These greedy parasites really expect working people to grab a six pack, settle into the easy chair and watch the Super Bowl.
There are solutions to be found for the depression we are in... an economic depression from which there is no way out if the capitalist road is taken because capitalism is on the skids to oblivion and as long as we remain on this road we are on the road to perdition.
As working people we have some serious choices to make.
Do we allow the Wall Street coupon clippers of the military-financial-industrial complex to continue to do our thinking for us and drag us along down the road to perdition? Or, do we say, "Enough!"
The country is going to hell in a hand-basket and the only solution these people can think of is to give the same banks and industries that have already robbed us blind more credit at our expense... isn't it nice they continue to be so generous with our tax-dollars and the wealth we have created?
It doesn't take an Einstein to figure out that funneling the wealth of our country to the greedy few will only intensify already serious problems that only the redistribution of wealth to the working class can begin to address.
After all, we are talking about the wealth we have created which has been stolen from us by the Wall Street crowd in the first place.
There is only one course of action that will get us out of this mess.
We need to consider an anti-capitalist, socialist course of action.
George Bush begged the G-20 governments not to give up on capitalism simply because there are a few problems for a "couple of months."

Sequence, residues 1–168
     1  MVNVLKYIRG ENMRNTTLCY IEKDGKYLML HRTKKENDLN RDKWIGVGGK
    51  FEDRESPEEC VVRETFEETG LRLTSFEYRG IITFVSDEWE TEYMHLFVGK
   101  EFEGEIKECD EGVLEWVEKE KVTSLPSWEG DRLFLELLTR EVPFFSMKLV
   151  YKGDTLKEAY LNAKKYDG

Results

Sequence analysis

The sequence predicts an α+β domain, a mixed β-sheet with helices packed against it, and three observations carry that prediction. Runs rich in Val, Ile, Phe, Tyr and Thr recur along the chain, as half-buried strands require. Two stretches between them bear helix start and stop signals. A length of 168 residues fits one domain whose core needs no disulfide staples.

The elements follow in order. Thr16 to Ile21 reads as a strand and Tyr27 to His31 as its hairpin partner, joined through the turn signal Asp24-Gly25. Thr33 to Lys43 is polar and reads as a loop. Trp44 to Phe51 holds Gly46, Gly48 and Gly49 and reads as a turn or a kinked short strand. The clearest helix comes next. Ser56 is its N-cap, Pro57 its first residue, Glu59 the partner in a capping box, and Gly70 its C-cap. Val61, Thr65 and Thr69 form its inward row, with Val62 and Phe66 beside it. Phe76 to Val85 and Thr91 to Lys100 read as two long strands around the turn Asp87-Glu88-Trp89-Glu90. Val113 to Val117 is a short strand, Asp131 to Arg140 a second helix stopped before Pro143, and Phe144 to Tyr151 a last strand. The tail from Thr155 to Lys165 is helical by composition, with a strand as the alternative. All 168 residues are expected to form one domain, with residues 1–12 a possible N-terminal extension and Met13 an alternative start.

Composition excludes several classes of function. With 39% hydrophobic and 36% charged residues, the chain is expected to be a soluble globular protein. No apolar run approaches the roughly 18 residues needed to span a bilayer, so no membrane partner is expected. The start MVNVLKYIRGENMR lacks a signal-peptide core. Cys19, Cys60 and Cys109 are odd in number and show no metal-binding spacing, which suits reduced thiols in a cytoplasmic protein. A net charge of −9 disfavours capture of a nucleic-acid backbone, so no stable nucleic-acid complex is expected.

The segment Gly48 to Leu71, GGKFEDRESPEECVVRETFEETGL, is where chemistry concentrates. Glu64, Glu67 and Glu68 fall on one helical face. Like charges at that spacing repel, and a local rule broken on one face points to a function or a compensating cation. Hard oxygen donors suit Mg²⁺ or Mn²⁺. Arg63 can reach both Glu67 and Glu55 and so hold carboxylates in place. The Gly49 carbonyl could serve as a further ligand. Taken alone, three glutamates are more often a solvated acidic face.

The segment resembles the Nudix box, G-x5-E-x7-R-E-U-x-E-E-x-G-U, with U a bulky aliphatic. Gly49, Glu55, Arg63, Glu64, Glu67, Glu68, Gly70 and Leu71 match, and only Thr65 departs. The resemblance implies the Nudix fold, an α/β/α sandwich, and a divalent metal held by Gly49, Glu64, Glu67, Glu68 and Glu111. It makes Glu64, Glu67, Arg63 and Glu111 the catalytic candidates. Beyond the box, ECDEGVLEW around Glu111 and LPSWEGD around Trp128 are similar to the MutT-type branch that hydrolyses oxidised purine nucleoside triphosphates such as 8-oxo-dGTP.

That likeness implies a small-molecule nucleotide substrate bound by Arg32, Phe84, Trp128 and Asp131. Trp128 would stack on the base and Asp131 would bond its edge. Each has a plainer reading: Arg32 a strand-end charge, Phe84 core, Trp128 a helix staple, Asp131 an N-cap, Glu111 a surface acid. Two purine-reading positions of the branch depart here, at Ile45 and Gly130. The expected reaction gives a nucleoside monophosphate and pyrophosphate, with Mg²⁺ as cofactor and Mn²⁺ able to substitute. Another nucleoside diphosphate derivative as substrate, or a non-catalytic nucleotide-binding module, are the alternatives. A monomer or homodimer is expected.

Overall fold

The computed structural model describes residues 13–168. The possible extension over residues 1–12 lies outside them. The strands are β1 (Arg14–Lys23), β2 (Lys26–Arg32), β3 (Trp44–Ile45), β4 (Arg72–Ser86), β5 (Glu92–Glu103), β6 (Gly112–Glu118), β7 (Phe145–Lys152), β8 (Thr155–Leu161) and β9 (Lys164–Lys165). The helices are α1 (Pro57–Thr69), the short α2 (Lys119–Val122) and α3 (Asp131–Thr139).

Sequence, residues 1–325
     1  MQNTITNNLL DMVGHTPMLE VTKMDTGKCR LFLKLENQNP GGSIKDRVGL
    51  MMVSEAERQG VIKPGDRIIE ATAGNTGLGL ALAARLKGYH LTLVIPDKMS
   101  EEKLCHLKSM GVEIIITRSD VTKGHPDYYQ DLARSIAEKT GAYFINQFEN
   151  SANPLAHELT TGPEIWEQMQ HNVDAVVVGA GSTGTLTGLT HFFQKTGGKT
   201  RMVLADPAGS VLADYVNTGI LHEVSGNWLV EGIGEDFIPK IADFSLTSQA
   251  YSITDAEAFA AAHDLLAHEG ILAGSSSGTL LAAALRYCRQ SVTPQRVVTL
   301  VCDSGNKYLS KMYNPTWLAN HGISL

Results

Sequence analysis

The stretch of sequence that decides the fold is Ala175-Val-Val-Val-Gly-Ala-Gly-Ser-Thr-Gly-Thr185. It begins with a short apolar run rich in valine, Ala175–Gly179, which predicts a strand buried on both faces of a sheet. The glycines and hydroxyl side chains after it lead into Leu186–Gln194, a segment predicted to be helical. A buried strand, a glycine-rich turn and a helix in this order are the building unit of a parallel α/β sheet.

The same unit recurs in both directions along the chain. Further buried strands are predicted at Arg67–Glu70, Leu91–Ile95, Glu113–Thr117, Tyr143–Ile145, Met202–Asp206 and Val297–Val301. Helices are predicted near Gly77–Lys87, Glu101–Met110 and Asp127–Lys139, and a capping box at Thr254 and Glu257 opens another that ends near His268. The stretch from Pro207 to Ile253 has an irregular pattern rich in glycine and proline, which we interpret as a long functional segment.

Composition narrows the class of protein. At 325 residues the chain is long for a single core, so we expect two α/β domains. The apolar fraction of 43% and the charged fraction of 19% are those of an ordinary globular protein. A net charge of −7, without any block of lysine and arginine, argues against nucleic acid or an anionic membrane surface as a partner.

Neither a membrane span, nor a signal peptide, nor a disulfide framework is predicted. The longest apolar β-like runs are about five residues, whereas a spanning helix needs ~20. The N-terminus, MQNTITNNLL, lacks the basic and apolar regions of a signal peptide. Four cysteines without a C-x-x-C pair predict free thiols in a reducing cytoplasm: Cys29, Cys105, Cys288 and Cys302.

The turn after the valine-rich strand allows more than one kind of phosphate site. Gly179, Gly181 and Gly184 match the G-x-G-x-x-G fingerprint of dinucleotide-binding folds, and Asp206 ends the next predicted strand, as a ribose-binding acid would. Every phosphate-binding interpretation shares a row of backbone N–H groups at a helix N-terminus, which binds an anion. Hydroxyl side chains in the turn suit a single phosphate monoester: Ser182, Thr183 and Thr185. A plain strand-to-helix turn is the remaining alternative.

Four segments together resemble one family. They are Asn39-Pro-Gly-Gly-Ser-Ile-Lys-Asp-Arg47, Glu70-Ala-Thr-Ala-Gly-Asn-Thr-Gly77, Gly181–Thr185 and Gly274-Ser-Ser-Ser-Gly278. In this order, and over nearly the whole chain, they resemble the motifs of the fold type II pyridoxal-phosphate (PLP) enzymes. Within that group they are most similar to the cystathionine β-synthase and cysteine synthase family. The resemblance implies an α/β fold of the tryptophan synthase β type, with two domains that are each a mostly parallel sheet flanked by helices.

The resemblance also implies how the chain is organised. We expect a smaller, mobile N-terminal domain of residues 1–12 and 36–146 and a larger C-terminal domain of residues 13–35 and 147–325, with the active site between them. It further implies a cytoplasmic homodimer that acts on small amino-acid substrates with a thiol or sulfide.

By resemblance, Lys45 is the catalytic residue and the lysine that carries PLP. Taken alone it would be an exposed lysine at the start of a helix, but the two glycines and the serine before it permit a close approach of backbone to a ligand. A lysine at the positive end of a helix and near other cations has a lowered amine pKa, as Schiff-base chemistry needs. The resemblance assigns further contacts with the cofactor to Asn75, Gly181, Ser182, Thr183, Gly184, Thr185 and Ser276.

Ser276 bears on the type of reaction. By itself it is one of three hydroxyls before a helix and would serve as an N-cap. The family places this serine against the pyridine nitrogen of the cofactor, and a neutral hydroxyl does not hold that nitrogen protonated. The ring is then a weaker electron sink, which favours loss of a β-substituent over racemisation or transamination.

Bush's lies are going to continue without let-up right to the end and even his capitalist partners from around the world are not buying into his "couple months of economic problems" scenario.
Every course of action we allow these dumb donkeys and dumb clucks to take in the name of "bi-partisan unity" will plunge our nation and the world deeper and deeper into crisis which we all know means more human misery; as if we haven't had enough the last two-hundred years.
Below are some suggestions; read it over and talk with your family, friends, neighbors and fellow workers:
There is broad consensus among labor unions and progressive organizations, economists and politicians that we need a bottom-up solution to the economic crisis. That is, the priority should be fixing Main Street, not Wall Street. The main immediate proposals include:
1) A moratorium on home foreclosures, and giving bankruptcy courts the power to renegotiate mortgages.
2) Extend unemployment benefits and increase funding for food stamps, heating assistance, and other survival programs for the duration of this economic depression.
3) Aid to state and local governments so they can avoid layoffs and reductions in vital services.
4) Rebuilding the infrastructure of America: clean energy, roads, bridges, water systems, schools, and housing, providing good-paying jobs.